Northwest News

‘Salmon Cannon’ helps move fish over Northwest dams

Yakima Herald-Republic

Mark Johnston, research scientist for Yakama Nation Fisheries, explains the vacuum insertion tube of the salmon transport system at Roza Dam in Yakima. The 1,100-foot vacuum-operated tube allows fish to be moved to a hatchery truck upstream in about 35 seconds.
Mark Johnston, research scientist for Yakama Nation Fisheries, explains the vacuum insertion tube of the salmon transport system at Roza Dam in Yakima. The 1,100-foot vacuum-operated tube allows fish to be moved to a hatchery truck upstream in about 35 seconds. Shawn Gust

Deep in the Yakima River Canyon, the fish were practically flying.

Soaring 100 feet above the river at speeds up to 20 mph, spring chinook were shooting through a tube designed to carry salmon over dams in seconds, at far lower cost and faster construction than traditional fish ladders.

“We’re pretty excited about the possibility of using this type of technology; it’s such an efficient way to move fish,” said Walt Larrick, project manager with the Bureau of Reclamation, which has pledged to build fish passage at the five dams it operates in the Yakima Basin.

Nicknamed the “Salmon Cannon,” the system is basically a flexible sleeve that seals around each salmon so that only a small amount of air pressure is needed to fling the fish. A biologist at Roza Dam’s fish collection facility feeds them into the tube, and about 35 seconds later, they land in a hatchery truck parked 1,100 feet upriver.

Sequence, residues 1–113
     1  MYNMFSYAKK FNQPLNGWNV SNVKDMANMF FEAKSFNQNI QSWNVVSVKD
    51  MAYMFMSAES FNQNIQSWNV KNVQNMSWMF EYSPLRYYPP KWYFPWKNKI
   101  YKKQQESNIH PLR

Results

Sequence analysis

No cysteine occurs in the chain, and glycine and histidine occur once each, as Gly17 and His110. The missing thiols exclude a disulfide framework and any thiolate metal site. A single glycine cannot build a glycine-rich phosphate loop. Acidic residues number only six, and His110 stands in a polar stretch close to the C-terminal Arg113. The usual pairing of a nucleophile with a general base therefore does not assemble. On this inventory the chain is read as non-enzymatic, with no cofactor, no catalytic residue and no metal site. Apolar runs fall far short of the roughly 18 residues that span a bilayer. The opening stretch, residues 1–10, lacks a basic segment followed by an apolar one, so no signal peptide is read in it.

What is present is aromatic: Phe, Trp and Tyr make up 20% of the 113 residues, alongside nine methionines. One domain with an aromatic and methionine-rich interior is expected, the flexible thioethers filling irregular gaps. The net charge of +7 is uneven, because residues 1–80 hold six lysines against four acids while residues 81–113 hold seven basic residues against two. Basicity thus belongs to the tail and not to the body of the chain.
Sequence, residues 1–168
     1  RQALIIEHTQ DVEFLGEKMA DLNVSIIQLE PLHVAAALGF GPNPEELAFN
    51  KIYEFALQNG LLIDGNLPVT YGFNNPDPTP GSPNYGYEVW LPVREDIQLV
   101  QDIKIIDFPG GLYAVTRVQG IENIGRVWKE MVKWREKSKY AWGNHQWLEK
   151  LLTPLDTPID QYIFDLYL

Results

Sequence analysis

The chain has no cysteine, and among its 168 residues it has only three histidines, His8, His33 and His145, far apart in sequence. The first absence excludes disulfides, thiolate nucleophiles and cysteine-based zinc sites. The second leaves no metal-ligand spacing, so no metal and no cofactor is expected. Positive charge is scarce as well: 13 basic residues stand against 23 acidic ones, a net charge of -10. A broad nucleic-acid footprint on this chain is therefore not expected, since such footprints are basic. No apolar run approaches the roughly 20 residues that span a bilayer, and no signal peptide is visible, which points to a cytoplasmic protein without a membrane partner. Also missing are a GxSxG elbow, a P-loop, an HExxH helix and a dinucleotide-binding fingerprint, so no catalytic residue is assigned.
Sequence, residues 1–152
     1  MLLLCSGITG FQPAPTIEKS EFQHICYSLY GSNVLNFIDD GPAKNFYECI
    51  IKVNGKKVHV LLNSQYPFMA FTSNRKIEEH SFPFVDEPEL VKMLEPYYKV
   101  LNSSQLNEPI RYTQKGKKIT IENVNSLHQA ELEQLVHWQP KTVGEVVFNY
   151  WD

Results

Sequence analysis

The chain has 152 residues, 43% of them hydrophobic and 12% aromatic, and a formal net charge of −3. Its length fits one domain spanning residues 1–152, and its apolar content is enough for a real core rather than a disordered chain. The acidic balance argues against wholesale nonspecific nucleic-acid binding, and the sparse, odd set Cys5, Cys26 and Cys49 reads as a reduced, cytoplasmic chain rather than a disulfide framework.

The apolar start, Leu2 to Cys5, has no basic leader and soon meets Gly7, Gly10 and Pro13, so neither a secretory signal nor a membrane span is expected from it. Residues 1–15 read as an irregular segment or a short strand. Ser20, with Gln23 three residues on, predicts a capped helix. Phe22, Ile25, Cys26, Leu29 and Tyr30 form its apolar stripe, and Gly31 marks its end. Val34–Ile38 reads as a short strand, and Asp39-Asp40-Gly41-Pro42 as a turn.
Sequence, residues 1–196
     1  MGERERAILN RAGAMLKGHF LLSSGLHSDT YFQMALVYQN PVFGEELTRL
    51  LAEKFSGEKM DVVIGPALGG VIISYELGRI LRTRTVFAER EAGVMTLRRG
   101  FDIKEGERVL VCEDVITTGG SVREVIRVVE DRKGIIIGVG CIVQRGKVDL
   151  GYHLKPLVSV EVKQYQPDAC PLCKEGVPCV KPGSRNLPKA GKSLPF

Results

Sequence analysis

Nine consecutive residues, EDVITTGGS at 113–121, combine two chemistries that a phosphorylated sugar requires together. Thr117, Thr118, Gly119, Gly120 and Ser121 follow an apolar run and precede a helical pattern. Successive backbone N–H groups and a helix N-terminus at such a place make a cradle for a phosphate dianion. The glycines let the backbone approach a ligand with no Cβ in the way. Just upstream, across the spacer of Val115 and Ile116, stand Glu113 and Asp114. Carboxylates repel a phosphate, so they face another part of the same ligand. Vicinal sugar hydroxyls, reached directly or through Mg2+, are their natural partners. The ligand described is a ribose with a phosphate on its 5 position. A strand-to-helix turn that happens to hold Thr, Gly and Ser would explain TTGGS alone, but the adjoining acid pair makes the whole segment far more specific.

The technology was developed by Seattle-based Whooshh Innovations, and a smaller system was first tested on live fish by the Yakama Nation’s fish biologists at Roza Dam in 2013. The success of that study and others around the region inspired Reclamation to sponsor this first dam-sized test on about 60 fish over the past three weeks.

“The fish just zoom along,” Larrick said of the system. “When a fish goes through a fish ladder, it is burning energy every step of the way, but in this system, it’s riding.”

And the salmon don’t seem to mind the ride.

The Yakama Nation has tracked the survival of every fish that’s traveled through a 40-foot Whooshh tube that connects its collection facility at Roza Dam to a hatchery-bound tanker truck and the success of those fish’s offspring and found no ill effects.

“It’s less stress on the fish,” Yakama Nation biologist Mark Johnston said of the short system.

And reducing that stress on returning spawners across the region with Whooshh tubes at dams could have big impacts on salmon recovery, he said.

“It takes hours to days to get up ladders, so this saves a ton of energy for each fish, which is more energy for heading upstream and more energy for developing eggs,” Johnson said.

Initially, Whooshh tested a vacuum pressure system that pulled fish through the tube, but now the fish are pushed by an “accelerator” that creates lower air pressure in front of each fish and more behind them, like a pneumatic tube at the bank, said Whooshh CEO Vince Bryan.

“They just glide because there is essentially no friction in the tube,” Bryan said.

Pushing also allows the tube to accommodate multiple fish at one time, he added.

That’s key to the system’s potential for fish passage, Johnson said.

“At Cle Elum Dam, we’d want to see a bank of different-sized tubes so that all the native fishes that want to be able to get up into the lake can,” he said.